long ago
when dark secrets could be kept
popes spent their days saving people's souls
and nights planting the seeds of
their bastards


"Popes had mistresses as young as fifteen years of age, were guilty of incest and sexual perversions of every sort, had innumerable children, were murdered in the very act of adultery. In the old Catholic phrase, why be holier than the Pope?"   Source

Imaginary Garden With Real Toads

Afterthought: I was intending to write a triquain, but couldn't remember that name, nor the form. To be complete, the entry would require a 12 syllable line following the 9 syllable line, then another 9 syllable line following that to maintain symmetry.  Maybe this is a dwarf triquain.

L A Times Crossword Puzzle Blogging

Theme: GET IT IN GEAR.  The first word of each two-word theme answer is the name of one of the gear selections for an automatic transmission shift lever.

17. Canadian natural resource manager : PARK WARDEN.  An unlikely looking clue, but sussaable with perp help and a little head scratching.  You can read about them here.  PARK is the selection for keeping the vehicle stationary.

24. Dramatic backwards hoops move : REVERSE DUNK.   Better seen than explained.  A car in REVERSE goes backwards.

36. Photon, e.g. : NEUTRAL PARTICLE.   Protons and neutrons are polarized, photons go lightly down the middle of the road.  NEUTRAL is a resting position between REVERSE and DRIVE.

46. Push one's buttons, and then some : DRIVE INSANE.  Is there someone who knows how to push your buttons? I can be maddening. DRIVE is the selection for actually going somewhere.

56. Like many diets : LOW CALORIE.  Weight watching strategy. LOW gear is for low speed and controlled power.

64. Shift letters spelled out in 17-, 24-, 36-, 46- and 56-Across : P R N D L   Vide infra.

Strangely, in the following video London gets it right - at least that part of it.  In the industry this bit of apparatus is indeed called the PRNDL, just as she pronounces it.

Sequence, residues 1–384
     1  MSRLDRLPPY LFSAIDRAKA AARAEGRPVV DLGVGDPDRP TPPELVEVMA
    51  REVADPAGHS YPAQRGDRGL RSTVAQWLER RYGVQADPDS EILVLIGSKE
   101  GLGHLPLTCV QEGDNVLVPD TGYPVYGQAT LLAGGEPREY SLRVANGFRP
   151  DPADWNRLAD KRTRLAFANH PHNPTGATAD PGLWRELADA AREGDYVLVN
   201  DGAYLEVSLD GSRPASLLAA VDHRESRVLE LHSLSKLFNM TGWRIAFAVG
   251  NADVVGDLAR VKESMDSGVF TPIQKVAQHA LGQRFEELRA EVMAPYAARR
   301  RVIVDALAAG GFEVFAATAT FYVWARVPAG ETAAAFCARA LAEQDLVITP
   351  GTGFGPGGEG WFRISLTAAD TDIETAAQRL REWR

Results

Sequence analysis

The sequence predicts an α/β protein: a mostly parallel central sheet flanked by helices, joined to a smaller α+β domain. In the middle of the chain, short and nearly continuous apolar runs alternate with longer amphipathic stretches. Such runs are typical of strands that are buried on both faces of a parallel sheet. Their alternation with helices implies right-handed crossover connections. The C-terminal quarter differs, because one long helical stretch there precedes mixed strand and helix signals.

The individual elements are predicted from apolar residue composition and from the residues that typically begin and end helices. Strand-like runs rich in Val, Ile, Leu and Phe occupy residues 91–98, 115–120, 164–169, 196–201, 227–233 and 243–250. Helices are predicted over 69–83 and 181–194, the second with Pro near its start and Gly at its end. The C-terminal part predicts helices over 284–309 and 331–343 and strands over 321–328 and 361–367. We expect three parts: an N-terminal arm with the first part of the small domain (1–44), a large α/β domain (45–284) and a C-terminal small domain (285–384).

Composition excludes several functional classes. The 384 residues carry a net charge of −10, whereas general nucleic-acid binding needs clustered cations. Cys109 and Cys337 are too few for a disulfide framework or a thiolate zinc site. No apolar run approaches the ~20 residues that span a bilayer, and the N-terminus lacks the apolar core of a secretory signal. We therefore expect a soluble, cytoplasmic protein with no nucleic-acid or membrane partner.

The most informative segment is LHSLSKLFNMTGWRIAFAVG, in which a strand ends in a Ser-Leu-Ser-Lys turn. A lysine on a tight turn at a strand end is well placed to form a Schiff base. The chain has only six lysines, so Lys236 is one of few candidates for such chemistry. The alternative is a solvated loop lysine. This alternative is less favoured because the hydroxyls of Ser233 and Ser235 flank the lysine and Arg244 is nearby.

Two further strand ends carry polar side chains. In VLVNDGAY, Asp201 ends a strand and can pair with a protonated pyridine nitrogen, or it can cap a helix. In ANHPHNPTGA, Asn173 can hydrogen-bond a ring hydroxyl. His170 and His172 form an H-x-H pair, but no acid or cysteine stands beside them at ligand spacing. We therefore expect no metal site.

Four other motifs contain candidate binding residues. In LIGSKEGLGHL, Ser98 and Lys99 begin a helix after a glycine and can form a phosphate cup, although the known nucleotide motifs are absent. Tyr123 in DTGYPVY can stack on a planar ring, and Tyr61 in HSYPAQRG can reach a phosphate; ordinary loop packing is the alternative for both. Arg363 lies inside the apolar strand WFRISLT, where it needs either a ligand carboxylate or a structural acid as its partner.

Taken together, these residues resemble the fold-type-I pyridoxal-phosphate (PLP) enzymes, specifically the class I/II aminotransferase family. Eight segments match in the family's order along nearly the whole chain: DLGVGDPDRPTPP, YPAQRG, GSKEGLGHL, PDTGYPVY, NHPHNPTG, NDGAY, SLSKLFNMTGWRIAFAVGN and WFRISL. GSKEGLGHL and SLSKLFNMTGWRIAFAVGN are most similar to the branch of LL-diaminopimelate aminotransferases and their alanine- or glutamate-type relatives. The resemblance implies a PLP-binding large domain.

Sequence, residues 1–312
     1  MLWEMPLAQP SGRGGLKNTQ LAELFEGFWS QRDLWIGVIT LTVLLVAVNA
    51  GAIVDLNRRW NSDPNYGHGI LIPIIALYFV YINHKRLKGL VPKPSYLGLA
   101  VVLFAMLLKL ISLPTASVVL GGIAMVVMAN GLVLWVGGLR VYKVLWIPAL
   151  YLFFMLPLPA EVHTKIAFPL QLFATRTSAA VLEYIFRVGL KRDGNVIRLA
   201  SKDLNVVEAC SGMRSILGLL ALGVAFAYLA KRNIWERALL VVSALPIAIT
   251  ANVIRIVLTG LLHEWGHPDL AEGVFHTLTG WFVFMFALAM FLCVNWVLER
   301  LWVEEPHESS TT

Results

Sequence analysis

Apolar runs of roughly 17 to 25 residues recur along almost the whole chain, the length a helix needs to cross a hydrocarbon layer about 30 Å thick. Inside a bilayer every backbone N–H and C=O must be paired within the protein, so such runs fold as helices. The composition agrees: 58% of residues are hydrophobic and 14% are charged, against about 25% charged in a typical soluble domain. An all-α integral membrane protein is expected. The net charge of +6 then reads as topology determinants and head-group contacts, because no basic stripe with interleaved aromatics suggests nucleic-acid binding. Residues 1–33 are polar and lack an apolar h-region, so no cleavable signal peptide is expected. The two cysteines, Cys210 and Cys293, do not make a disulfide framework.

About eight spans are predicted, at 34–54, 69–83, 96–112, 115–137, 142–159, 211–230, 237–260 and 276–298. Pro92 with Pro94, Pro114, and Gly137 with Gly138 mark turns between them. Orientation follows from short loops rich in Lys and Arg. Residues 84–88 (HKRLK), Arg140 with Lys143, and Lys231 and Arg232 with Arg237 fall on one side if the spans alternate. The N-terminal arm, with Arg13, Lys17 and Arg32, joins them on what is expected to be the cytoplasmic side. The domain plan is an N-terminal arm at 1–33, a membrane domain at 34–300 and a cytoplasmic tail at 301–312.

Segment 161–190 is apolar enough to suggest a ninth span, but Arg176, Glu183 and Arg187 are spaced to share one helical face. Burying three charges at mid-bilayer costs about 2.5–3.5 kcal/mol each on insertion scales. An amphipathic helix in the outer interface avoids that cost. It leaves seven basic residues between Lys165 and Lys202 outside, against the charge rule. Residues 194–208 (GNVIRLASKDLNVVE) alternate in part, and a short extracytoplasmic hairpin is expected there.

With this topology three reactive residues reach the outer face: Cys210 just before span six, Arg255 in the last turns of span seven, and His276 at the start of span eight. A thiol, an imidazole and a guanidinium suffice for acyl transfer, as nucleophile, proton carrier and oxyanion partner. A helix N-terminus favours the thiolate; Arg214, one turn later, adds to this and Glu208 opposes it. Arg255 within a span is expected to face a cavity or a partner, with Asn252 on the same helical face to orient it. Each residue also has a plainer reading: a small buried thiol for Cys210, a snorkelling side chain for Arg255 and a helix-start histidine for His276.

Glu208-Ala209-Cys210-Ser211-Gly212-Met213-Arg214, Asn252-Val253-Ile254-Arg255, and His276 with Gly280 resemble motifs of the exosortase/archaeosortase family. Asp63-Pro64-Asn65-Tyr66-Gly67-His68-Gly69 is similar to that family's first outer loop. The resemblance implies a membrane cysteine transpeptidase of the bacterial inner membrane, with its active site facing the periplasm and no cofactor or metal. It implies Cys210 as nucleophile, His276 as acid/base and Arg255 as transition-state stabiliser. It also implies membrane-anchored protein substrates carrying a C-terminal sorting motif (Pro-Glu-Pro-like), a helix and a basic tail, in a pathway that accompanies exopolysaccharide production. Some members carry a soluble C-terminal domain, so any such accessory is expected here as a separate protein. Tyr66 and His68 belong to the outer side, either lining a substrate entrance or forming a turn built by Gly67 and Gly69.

Hi Gang, JazzBumpa here, your chauffeur for the day. Let's DRIVE on through Ned's puzzle and see if we can avoid pot holes and speed bumps.

Tuesday, September 2, 2014

Carpe Diem Ghost Writer #23, "Honor the Little Creatures"

 Mr. Toad comes to call

I have a great fondness for amphibians.  There is no reason for it that I can identify.  Something about their squat lumpiness and agile leaping simply pleases me and soothes my soul.  My yard is a haven for toads.  They live in the garden and under the bushes.  I've seen tiny toadlings, smaller than your fingernail, galumphing across my lawn.

Earlier in the Summer, I went walking in a wetlands area near my house with a few of my grandchildren.  As we crossed the street to get there, we saw dozens of miniature toads bouncing on the pavement.  Sadly, many of them must have perished there.  As we walked the gravel path around the ponds, we had to watch our footsteps carefully to avoid stepping on the many miniature toads moving along there.

There were hundreds of these little toads everywhere along the path, and who can say how many thousands were hidden among the wild flowers.  We did our best not to harm them, but I doubt that many live to be adults.

songs from my garden
each night of love and want
voice of a toad

Grandson Nate with a Toadling in Hand

my lovely wife - no
fan of toads - agrees that they're
better than chipmunks